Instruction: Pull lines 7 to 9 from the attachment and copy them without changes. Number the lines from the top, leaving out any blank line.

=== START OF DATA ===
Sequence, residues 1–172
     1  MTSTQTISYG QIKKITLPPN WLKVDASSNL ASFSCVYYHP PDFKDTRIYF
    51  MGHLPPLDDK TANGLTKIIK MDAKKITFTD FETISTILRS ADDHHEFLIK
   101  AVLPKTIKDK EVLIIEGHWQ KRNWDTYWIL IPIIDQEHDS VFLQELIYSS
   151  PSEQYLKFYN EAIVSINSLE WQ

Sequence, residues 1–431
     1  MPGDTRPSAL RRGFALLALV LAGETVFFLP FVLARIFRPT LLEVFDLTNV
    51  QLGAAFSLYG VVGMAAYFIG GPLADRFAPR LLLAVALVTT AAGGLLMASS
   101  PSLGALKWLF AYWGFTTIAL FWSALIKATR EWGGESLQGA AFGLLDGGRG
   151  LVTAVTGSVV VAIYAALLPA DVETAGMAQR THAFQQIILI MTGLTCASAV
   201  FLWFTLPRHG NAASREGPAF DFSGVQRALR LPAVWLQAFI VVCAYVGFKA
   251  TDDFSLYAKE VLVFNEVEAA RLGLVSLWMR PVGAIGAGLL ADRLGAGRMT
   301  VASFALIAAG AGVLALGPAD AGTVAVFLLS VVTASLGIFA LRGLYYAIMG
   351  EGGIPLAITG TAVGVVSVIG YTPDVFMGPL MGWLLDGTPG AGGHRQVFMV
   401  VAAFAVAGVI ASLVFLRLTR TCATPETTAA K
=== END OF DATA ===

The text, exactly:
     1  MPGDTRPSAL RRGFALLALV LAGETVFFLP FVLARIFRPT LLEVFDLTNV
    51  QLGAAFSLYG VVGMAAYFIG GPLADRFAPR LLLAVALVTT AAGGLLMASS
   101  PSLGALKWLF AYWGFTTIAL FWSALIKATR EWGGESLQGA AFGLLDGGRG